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Othello: Remixed

Darren Raymond
Intermission Theatre Company
Omnibus Theatre
to

This isn’t so much a remix as a rewrite, not the cut and paste of Charles Marowitz’s scandalous 1969 version nor Jude Christian’s more recent experiment but a new play that takes the outline of Shakespeare’s story of a good man being fed lies to stir his jealousy to murder pitch and reworks it.

The entire action now takes place in and around a boxing ring. The theatre becomes the gymnasium run by Frank (Nana Antwi-Nyanin) complete with lockers, punch bags and benches. It becomes the hub of the social life of members and their girlfriends (though that means the final climactic scene can’t be set in a bedroom).

Othello (Kwame Reed) isn’t a celebrated general with a national profile but a boxer who is a championship contender. His prowess and personality have won the heart of Desdemona (Hoda Bentaher) who is Frank’s daughter and Frank approves of the liaison. In this version, disapproving Brabantio (Tristram Anyiam) is her brother.

Darren Raymond’s play isn’t about ethnicity (characters and actors are all black), though Othello as an immigrant is more of an outsider. The malicious conniving of Baba Oyejide’s Iago is sparked off by Micha Loubon’s Cassio being chosen instead of himself as Othello’s corner-man. He seeks to score off both of them by convincing Othello that Desdemona has been sleeping with Cassio, even producing mobile phone evidence that appears to confirm it and, when Desdemona loses a ring (a handkerchief in Shakespeare) handed down by Othello’s mother that Othello made his love gift, claims she’s given it to Cassio.

Though omitting the female viewpoint that Shakespeare sardonically presents through Iago’s wife Emilia (Nakeba Buchanan), Raymond retains a subplot with Iago. He cons cash out of foolish Rico (Iain Gordon) who has the hots for Desdemona by claiming he can get her for him and basically follows Shakespeare’s plot but using the language of modern London interspersed with key quotes from the original.

Standing on the sidelines is bow-tied, jewel-earringed Danielle Adegoke, whom the programme lists as Referee. She is sometimes a commentator on the action, sometimes like some inner voice supplies ideas to Iago and Othello contributing to what is kept of their soliloquies. It’s a device that seems at odds with the contemporary realism of the other performances that are delivered with intelligence and energy and great physicality in their convincing sparring in a production that makes dramatic use of music and lighting, especially as Othello shadow boxes in the half-light.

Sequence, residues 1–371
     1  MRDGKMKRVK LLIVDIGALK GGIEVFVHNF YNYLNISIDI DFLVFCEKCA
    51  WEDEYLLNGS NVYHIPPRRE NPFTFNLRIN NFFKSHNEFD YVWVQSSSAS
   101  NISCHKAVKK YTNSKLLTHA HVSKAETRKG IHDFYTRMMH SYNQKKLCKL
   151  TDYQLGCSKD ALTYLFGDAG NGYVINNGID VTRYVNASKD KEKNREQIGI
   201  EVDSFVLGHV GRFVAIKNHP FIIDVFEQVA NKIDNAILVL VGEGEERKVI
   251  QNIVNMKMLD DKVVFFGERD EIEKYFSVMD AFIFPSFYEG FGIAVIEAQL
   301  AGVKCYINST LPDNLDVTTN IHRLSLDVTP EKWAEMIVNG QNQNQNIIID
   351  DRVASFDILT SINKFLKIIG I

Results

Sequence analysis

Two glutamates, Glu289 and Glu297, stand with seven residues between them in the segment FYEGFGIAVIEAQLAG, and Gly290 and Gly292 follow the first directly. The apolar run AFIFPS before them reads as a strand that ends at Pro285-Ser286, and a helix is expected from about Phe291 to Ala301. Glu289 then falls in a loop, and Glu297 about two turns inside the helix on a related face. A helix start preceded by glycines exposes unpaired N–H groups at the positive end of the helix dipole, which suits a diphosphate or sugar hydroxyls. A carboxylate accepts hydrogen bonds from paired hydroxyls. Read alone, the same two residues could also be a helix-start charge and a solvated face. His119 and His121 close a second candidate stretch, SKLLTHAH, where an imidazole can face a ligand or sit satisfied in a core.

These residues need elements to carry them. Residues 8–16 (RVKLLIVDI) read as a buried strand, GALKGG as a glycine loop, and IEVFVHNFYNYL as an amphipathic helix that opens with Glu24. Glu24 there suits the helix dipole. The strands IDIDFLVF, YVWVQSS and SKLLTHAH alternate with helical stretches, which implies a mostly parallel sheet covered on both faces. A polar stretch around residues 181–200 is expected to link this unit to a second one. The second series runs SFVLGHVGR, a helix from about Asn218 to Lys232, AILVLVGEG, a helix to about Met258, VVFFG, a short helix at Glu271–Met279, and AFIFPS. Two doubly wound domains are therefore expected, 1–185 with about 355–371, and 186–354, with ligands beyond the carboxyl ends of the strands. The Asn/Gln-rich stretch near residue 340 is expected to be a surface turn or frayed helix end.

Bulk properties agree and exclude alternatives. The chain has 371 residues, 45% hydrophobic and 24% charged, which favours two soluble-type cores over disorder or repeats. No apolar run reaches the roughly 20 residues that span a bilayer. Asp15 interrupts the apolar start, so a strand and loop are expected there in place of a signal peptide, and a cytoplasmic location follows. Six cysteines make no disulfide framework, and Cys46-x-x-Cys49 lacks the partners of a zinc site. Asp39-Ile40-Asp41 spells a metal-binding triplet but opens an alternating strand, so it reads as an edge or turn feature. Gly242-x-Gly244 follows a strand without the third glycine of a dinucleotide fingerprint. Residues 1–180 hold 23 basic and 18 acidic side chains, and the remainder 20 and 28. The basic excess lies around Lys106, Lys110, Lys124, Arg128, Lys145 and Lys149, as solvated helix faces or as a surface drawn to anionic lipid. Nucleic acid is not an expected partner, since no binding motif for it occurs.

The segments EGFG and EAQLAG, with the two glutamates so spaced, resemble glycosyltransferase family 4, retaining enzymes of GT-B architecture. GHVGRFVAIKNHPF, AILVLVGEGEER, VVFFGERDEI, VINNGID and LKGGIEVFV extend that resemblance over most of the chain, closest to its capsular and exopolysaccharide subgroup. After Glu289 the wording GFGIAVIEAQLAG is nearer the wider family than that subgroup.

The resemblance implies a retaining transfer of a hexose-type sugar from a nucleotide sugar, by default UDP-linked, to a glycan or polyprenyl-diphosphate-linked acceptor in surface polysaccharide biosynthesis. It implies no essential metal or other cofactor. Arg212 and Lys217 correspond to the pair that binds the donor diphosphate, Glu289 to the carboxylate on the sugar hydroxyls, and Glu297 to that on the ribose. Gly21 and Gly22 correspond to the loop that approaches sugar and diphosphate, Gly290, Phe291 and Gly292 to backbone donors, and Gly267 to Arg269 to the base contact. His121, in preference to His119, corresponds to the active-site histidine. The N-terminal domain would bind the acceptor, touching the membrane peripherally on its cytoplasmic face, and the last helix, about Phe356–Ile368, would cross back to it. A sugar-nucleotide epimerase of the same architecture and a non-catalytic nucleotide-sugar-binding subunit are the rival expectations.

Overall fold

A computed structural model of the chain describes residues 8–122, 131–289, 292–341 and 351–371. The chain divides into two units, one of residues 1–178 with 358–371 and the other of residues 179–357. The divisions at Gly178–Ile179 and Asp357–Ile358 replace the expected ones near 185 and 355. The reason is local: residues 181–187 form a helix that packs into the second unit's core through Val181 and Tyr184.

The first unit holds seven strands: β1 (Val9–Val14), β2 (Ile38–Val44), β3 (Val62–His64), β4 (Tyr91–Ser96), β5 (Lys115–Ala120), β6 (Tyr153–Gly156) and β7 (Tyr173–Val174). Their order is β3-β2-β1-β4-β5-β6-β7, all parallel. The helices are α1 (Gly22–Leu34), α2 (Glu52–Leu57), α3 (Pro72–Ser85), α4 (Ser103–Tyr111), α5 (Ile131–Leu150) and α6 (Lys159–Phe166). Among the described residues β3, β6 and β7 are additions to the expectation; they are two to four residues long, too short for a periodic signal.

The production abandons one of Shakespeare’s most effective devices: talking straight to the audience. We don’t get that direct impact from Iago boasting about his plans and sharing his evil ideas with us, nor of Othello unburdening his soul (for though often he could be addressing Iago he is also sharing his thoughts with the audience) so it loses that collective complicity. The strength of the performance comes as much, perhaps more, from the actors’ physical presence as from what they say.

And what does the play itself want to say? At a time when we are increasingly concerned with knife crime and violence, is this a reminder of how easily things can be stirred up in our society, how volatile things can be if we think in terms of striking rather than talking, though combat sports are usually presented as defusing violence? This update reflects how little some things have changed in relation to gender, perhaps even more forcefully since the “willow song” scene with its claim to women having equal needs has no equivalent here.

The cast are all alumnae of Intermission Youth Theatre, a 10-month youth monitoring programme working with 16- to 25-year-olds from across London who are lacking in opportunities, at risk of offending and live in challenging environments. They have all gone on to start professional careers and their cooperative contribution to this staging is evidence of how effective the programme is in building confidence and responsibility.

I have no problems with pinching Shakespeare’s stories. His own plots were often borrowed ones, but I have strong reservations about the idea that they make Shakespeare “understandable” to modern audiences, especially youngsters. Reworking the story in modern terms (as this company did to create this production) is an exercise to throw fresh light on the play but putting the language into a modern vernacular isn’t to share Shakespeare—it’s his words that make the work wonderful. Our education system needs to introduce Shakespeare through theatre not reading by rote, to spark a love of words and of poetry not make them exam fodder.

I am happy with productions that relocate place or period to suit the content of plays that were originally staged in a contemporary style. Slight modifications to the odd word which has changed its meaning over the centuries, or cutting what seems overlong or confusing I find acceptable. They still remain Shakespeare but rewriting his stories, whether it be Charles and Mary Lamb’s Tales or 21st century, aren’t.

For me, Raymond has kept too much of Shakespeare and I find myself, as must many who know the play well, aware of what he has done with it, Shakespeare’s lines in the back of my head, rather than giving myself up to the new play. This Iago, Othello and Desdemona are fresh creations. When Othello takes Desdemona to Nando’s, I want to get caught up in their story, not be shadowed by Shakespeare.

Reviewer: Howard Loxton